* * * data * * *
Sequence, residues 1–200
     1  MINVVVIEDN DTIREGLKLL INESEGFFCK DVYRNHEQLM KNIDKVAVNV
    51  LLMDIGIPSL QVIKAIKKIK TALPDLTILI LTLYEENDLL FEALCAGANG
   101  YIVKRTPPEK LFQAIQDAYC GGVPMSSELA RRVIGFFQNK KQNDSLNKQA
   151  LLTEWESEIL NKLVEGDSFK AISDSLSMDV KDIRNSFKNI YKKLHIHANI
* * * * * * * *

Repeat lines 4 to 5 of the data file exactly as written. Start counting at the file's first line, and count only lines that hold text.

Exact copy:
   101  YIVKRTPPEK LFQAIQDAYC GGVPMSSELA RRVIGFFQNK KQNDSLNKQA
   151  LLTEWESEIL NKLVEGDSFK AISDSLSMDV KDIRNSFKNI YKKLHIHANI